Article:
In many cases, the candidates’ promotion of presidential nominees has not been the former’s initiative, but based on orders by the party. PDI-P, for instance, issued a clear and publicly announced instruction to all candidates to feature an image of Jokowi and Ma’ruf Amin, as well as one of party chair Megawati Sukarnoputri and her father, founding president Sukarno. Violators of this regulation were threatened with sanctions.
But despite this clear order, many Malukan PDI-P candidates ignored it and only put their own images on their campaign material. In some cases, they preferred to include pictures of famous relatives, both dead and alive. National candidate Safitri Malik Soulisa, for instance, posed in front of her husband, the district head of South Buru. Provincial nominee Natashya Alexandra Litaay, for her part, showed her dead father—former PDI-P secretary-general and respected Malukan figure Alex Litaay—on her posters. Both candidates printed a limited number of posters that included Jokowi’s image as well, but that was largely done to formally meet party requirements.
Other PDI-P candidates have not gone to such lengths. Especially district-level candidates with limited budgets could not afford to print different sets of posters, and thus only produced material with their own image on them. This includes some areas in which Jokowi is particularly strong, such as on Tanimbar, where the president gained 76% in 2014.
The patterns in the Prabowo campaign are similar. Gerindra candidates were strongly urged by their central party to feature a picture of Prabowo and his running mate, Sandiaga Uno, on their campaign posters. Many obliged, and some even added a picture of Rizieq Shihab, the exiled leader of the Islamist demonstrations against the government in 2016 and 2017. But others chose not to include Prabowo in their material, and focus exclusively on promoting their own candidacy. This included areas in which Prabowo has been exceptionally dominant, such as Buru or Banda.
While the willingness of candidates from the main nominating parties to use the image of their patrons is sketchy, it is close to zero among Malukan nominees from other presidential coalition parties. Golkar, whose central board was the first to re-nominate Jokowi as president, and which had spent much time and effort on presenting Jokowi as part of the Golkar family, had required its candidates to feature his picture on their campaign materials. But hardly any Golkar candidate did. Nasdem, whose national slogan is “Jokowi is my president, Nasdem is my party”, saw a comparable outcome. A handful of nominees featured an image of Jokowi—typically together with party chairman Surya Paloh—but the vast majority did not.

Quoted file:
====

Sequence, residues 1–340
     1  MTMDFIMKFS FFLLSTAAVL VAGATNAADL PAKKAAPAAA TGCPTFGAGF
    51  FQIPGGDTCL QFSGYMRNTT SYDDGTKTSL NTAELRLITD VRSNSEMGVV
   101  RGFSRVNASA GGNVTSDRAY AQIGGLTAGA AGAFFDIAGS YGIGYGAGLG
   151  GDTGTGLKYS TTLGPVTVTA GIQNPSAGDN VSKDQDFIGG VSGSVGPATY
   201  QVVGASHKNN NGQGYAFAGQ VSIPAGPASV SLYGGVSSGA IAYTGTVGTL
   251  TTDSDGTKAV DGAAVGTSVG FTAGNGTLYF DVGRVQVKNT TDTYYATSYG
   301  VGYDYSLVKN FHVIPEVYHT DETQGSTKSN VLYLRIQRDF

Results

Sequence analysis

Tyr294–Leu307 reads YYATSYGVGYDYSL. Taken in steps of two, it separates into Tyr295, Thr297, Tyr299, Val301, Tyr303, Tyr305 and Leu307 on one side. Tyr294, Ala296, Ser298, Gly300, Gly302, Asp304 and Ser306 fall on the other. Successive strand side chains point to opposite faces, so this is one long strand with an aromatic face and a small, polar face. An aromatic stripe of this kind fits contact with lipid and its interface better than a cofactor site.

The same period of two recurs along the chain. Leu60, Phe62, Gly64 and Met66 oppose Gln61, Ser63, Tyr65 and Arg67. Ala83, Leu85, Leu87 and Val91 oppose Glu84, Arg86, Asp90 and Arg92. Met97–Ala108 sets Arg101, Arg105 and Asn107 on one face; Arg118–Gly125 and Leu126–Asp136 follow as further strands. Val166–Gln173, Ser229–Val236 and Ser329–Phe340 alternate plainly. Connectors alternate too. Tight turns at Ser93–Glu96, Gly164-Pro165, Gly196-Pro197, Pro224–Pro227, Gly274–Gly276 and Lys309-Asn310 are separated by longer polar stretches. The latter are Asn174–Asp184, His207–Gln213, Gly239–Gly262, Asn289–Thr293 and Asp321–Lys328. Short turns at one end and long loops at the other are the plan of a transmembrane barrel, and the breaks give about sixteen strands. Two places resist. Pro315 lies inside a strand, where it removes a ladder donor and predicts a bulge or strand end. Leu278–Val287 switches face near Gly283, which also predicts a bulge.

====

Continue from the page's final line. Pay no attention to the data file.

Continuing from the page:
What explains this contrast between predictions of candidates rushing to benefit from a supposed coattail effect and the reality on the ground in Maluku? First of all, it is important to understand the priorities of candidates. Nominees for legislative positions view the presidential contest as significant, but it is nowhere as important to them as their own candidacy. It is their personal campaign for which candidates often sell possessions or take bank loans, and upon which their family’s financial future depends.
It follows from this, second, that nominees design their campaign strategy based on maximising their own personal vote, not that of the president or party. Under Indonesia’s fully open party list system, a candidate gains a seat if a) the combined vote of all party nominees, plus the party-only ballots, wins that party one or more seats, and b) the nominee is among the party’s top achievers in the personal vote count, with seats distributed based on best results until the party’s seat quota is exhausted. Especially at the district and provincial levels, the margin of victory for the intra-party competition between candidates is often very small, with a handful of votes deciding success or failure.
Accordingly, many candidates have concluded that, third, featuring the images of presidential candidates on their campaign posters carries more risks than benefits. This is because identifying with a specific presidential candidate is unlikely to attract many additional votes, but risks alienating those who deeply dislike that nominee. In a society so strongly polarised between Jokowi and Prabowo voters as Maluku’s, associating with a presidential nominee disliked even by a small segment of the electorate could cost the local nominee crucial votes and, thus, the seat.
This is even true in areas in which one presidential candidate heavily dominates. As mentioned above, Jokowi received three quarters of the votes in Tanimbar in 2014, making it tempting to assume that associating with him might boost a candidate’s individual vote. But while some nominees—especially those from PDI-P—do exactly that, the vast majority of candidates from other nominating parties don’t. The reason is the fear of losing the opportunity to compete for votes among the roughly one quarter of the electorate that tends to affiliate with Prabowo.
One Golkar candidate on Banda illustrated this dilemma in his particular case. Banda is heavily pro-Prabowo, so it was out of the question for him to affiliate with Jokowi, as instructed by his central board. But openly identifying with Prabowo was problematic too, given that it would bring him in conflict with his party and close the door to the 30% of the local electorate that voted for Jokowi in 2014. He based his personal campaign on his role as a supervisor for village funds in his home village, which includes a small but not insignificant amount of Jokowi supporters. Given this image building as a community activist, maintaining nominal neutrality in the presidential race made the entire electorate available for him, instead of just the supporters of a specific presidential candidate.